It should make us question the easy assumptions that digitalizing documents and books saves them for eternity, and so cheaply (a big argument thse days for cash-strapped libraries). Digitalization is more fragile, for both technical and economic reasons, than we often suppose-- and this story Salvucci tells about the sad odyssey of Paper of Record is a stunning example of that.

P.S. I have a deep affection and appreciation for old-fashioned libraries, having benefitted so much from so many of them. This is one of the reasons why my publishing firm, Dancing Chiva Literary Arts, while specializing mainly in e-books, will also be publishing limited editions beginning next year. I wonder whether e-books as we know them today will be around in even a few more years. Will the 2020 version of the Kindle or Nook download ancient (circa 2010) e-book libraries? Most people over the age of 25 have stories about once pricey but suddenly obsolete computers and computer paraphernalia. (Anyone still reading floppy discs?) In sum, as genuinely enthused as I am about digitalization, we must never forget the immense value of old-fashioned, you-can-actually-go-there-and-actually-touch-it archives and libraries.

More anon.

Tuesday, July 12, 2011

At Play in the Fields of Keynote: On Designing Dancing Chiva's E-Book Covers

So what's Dancing Chiva? It's a company I set up a few years ago to do writing workshops, and recently expanded into publishing. Like many writers whose book contracts of yore left them the digital rights, I am bringing some of my already published books into new life as e-books. But with Dancing Chiva I am also publishing some new works as e-books, for example, a collection of blog posts on creative writing and my translation of Francisco I. Madero's Spritist Manual, as well as long out-of-print or, in some cases, never-before-published works of Maximiliana. Check out the Dancing Chiva catalog here.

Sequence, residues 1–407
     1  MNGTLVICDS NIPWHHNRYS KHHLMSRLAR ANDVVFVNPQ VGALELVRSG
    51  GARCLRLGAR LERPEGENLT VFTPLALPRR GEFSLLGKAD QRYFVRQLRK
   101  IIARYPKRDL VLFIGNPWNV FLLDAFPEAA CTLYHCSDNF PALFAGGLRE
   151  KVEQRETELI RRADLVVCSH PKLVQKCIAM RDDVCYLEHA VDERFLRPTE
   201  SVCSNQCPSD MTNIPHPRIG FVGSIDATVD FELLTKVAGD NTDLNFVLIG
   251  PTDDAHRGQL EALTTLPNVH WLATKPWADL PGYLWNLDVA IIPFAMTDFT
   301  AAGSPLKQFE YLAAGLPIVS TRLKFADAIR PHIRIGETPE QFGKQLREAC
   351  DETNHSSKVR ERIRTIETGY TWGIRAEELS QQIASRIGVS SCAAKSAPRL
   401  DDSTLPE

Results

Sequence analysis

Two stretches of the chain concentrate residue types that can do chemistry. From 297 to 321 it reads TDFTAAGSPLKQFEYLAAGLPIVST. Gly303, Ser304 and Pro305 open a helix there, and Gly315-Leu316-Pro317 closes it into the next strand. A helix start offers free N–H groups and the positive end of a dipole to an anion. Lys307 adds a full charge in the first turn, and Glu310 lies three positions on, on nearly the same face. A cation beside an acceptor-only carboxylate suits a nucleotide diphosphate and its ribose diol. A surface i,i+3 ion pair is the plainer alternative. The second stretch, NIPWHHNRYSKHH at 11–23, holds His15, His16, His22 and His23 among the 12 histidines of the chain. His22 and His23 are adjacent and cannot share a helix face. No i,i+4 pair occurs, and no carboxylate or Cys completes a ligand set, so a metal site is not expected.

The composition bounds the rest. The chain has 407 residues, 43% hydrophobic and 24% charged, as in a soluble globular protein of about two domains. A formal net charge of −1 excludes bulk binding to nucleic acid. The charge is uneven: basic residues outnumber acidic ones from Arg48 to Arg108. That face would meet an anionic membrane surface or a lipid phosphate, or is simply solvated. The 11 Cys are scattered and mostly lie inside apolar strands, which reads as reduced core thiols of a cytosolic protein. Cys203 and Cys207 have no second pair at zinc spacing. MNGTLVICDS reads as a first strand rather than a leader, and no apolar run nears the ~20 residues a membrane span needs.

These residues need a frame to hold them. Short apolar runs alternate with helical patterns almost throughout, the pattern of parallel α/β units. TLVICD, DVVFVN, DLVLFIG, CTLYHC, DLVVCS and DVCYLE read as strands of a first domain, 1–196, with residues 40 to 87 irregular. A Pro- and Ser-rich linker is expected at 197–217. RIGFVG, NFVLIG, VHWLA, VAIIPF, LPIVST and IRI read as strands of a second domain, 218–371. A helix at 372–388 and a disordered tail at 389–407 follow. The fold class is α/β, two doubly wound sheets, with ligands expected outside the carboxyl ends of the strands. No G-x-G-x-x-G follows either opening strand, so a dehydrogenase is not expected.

A note on the covers by C.M. Mayo

As a writer, I've had the sometimes disconcerting (if othertimes also joyous) experience of having someone else—a person I have never met and perhaps never will—design the covers of my books. I am talking about the professional graphic designer. Book cover design is a specialty informed by both graphic design principles and marketing. A publisher wants a book cover that fits with their brand image and— everyone hopes— will fly off the shelves to the cash registers. Alas, though sometimes fortuitously, the author's vision for the cover is not always taken into consideration, and in fact, very few publishers will cede approval to the author in a book contract (believe me, I've tried). . .CONTINUE READING.

Follow Dancing Chiva Literary Arts on Twitter @dancingchiva

P.S. Tuesdays are the day I usually update the Maximilian ~ Carlota research-sharing blog, but, as you can see, I've been otherwise occupied. I still have several file cabinets worth of research to share there, and I'll get back to it, asap.

Monday, July 11, 2011

Monday Mini-Meditation

Trust me, when you watch this, you will feel infinitely better. (Make sure the volume is on.)

More anon.

Thursday, July 07, 2011

San Miguel Writers Conference February 2012 in San Miguel de Allende, Mexico

I'm teaching the two day only "Techniques of Fiction" workshop this time. Click here for more information.

My other workshops for 2011 and 2012 are listed on my workshop schedule. It's a bit sparse this year, as I'm working on a new novel (when that will be ready only the Muses know) and the prologue to Madero's Spiritist Manual, which comes out this November.

Get my free e-book C.M. Mayo on Creative Writing: The Best from the Blog here. Recent posts on creative writing not in this e-book include

>>Decluttering Your Writing: The Interior Decoration Analogy

>>The Arc of Writerly Action
From a panel discussion on writing historical fiction, American Independent Writers Association Conference, held at the Writer's Center

>>Language Overlay: A Technique of Fiction
A very simple yet very effective technique I learned from novelist Douglas Glover

More anon.

Monday, July 04, 2011

Language Overlay: A Technique of Fiction


Continuing the series of an every other week-ish post on creative writing: